Sunil Punjabi, AXN India Networks (L) and Anita Nayyar, Havas Media Group (R)
Increasing cost of content is being seen and cited across TV genres. The reliance on advertising remains, which means ad rates have to go up. Have ad rates gone up commensurately?
Sunil Punjabi (SP): Ad rates have gone up but not at the rate at which content (cost) has grown. There are two primary revenue streams - subscription and advertising. Apart from advertising, subscription too has to be commensurate to the increasing cost of content.
Anita Nayyar (AN): Channels are in the process of increasing ad rates by 15 to 30 per cent depending on genre, channel, and show, mainly to compensate future inventory cuts. In the past also the content cost has increased, however ad rates have not taken much of this increase as quality content offering by channels is a hygiene issue.
AN: Interesting and well-produced content always attracts viewership. However, it is not necessary the expensive content is always good and hence it may not necessarily and always attract proportionate viewership. For example, a soap like Qubool Hai on Zee TV delivers >3 TVRs and a high cost reality show like Dance India Dance also delivers a TVR of 3 to 3.2. Being a reality show, DID is expensive content. Bigg Boss 7, the much talked about reality show on Colors, delivers lower ratings than the regular soaps like Balika Vadhu and Sasural Simar Ka on the same channel. With Salman Khan anchoring the show (charges approx Rs 5 cr per episode) and inmates being paid to be part of the Bigg Boss house, the content cost is certainly high but does not translate in proportionate eyeballs. Hence, while on the same channel the expensive content creates impact, it may or may not create the necessary viewership. When it does attract viewership and creates huge impact, if you take the total cost of an episode and offload it to advertisers, does the viewership of a particular show translate into commensurate sales, the ultimate goal of an advertiser? With increasing costs, this benchmark will increasingly come into play for an advertiser who might choose to distribute his spend over the next rung of popular programmes.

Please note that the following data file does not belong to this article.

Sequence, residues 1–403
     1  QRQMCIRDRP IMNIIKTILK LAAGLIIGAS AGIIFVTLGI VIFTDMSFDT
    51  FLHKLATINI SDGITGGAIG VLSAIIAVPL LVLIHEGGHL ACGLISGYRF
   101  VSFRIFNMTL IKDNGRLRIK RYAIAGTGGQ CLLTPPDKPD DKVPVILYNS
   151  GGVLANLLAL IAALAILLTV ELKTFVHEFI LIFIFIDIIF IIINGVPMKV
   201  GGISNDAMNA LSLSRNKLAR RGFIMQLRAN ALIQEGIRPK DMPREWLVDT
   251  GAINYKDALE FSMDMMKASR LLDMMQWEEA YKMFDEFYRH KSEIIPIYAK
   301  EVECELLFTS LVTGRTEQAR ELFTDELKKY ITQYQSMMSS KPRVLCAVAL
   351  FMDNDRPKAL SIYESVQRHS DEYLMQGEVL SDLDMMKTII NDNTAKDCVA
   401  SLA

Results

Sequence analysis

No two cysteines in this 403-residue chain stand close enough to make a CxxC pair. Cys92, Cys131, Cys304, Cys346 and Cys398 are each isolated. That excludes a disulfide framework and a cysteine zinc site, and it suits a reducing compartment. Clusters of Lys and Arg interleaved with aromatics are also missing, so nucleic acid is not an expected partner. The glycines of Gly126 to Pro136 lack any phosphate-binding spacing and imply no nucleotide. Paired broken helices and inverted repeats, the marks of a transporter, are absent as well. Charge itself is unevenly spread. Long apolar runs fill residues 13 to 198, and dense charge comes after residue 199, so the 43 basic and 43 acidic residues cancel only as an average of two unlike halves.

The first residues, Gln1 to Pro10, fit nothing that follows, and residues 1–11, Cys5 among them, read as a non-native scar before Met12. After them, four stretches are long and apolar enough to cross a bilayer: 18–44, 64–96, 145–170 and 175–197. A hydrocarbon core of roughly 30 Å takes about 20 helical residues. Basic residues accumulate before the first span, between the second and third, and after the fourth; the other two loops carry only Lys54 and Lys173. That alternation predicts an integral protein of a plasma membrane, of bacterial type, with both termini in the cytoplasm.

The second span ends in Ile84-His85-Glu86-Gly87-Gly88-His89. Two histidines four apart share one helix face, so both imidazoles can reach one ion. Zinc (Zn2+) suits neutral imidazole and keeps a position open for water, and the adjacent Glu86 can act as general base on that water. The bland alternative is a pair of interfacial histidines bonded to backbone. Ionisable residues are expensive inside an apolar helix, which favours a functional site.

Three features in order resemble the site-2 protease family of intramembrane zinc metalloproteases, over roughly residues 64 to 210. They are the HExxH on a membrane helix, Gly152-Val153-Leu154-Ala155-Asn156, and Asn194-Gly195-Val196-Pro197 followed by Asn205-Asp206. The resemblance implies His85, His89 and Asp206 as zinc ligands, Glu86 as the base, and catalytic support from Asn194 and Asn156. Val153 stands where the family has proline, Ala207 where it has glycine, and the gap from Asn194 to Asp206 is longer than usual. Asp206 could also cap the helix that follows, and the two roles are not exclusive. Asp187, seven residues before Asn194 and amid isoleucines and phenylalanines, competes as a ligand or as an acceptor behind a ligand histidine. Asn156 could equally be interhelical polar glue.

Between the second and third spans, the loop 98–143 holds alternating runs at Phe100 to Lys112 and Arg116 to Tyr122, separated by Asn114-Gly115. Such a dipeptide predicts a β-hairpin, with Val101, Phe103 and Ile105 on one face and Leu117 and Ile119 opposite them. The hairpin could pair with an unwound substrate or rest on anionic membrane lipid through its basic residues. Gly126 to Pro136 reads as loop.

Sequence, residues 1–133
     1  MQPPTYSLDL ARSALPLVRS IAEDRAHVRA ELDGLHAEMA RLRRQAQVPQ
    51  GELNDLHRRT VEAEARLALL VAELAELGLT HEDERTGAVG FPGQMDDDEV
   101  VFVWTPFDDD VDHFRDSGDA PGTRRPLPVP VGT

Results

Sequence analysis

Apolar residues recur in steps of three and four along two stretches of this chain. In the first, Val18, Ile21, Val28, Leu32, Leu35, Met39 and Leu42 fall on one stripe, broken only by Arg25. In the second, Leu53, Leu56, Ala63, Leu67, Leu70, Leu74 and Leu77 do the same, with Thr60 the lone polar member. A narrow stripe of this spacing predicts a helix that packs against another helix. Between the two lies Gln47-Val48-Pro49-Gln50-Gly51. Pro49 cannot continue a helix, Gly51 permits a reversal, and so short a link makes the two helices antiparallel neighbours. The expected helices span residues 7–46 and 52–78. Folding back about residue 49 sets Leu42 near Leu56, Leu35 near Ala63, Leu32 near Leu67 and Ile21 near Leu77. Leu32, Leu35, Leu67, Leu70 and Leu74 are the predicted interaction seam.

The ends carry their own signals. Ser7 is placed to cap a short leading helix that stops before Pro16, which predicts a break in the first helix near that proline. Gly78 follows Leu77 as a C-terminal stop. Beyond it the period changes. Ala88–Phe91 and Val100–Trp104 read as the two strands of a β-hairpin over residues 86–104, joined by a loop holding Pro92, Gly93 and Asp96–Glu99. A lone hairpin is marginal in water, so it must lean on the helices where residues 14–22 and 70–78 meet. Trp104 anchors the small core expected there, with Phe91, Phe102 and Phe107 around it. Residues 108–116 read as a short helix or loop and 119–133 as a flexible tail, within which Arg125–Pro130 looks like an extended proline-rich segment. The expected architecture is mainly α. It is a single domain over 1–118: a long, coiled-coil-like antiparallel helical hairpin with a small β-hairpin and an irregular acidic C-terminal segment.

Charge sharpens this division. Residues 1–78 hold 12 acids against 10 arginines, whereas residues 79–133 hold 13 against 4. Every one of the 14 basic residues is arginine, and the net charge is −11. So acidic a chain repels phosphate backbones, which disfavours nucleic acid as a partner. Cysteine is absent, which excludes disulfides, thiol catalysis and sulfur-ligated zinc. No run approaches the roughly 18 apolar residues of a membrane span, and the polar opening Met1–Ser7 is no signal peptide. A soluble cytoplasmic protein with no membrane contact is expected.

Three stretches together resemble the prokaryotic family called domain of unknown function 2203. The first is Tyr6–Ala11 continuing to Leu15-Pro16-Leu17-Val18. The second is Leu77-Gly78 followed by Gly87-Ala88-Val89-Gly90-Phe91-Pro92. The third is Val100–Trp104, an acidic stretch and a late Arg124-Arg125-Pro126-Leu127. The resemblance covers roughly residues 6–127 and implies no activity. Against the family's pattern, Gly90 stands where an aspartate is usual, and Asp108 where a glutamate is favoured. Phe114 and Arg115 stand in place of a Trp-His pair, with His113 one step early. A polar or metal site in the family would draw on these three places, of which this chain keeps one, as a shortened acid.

What are the other reasons for ad rates going up? Is the hike (un)reasonable?
SP: The number of households where TV is reaching has grown significantly over the last three years. From the advertisers’ perspective, an ad spot which was earlier delivering X number of households, is now reaching more and more viewers. From the broadcasters’ perspective, the ad rates have to be commensurate to the increasing number of eyeballs that TV is now delivering, because of the increase in the base of the sheer volume of households itself.
AN: The impending inventory cap is primary, coupled also with the festive season. In the festive season, there is a normal increase of 10 to 12 per cent due to demand and clutter.
Can subscription revenues compensate for rise in content cost? By when will we see this happen?
SP: Digitsation gives the opportunity to come to a conclusive evidence of number of households. Beyond that, content will be able to drive ARPUs. Industry average for micro transactions is Rs 160 to 170 per household (per month). The digital platform is twice that value. The market is completely fragmented, and the mechanics are yet to unfold and implementation will still take some time. But yes, digitisation has opened up new doors, and will add to the revenue kitty for every broadcaster.
AN: Subscription will not compensate the hike in content cost. Distribution is a huge market with big money riding on it. Subscription will surely contribute but content cost needs to be controlled.
We will see the full effects of digitisation post December 2014 spread over 2015.
The article appeared in the issue of Campaign India dated 4 October, 2013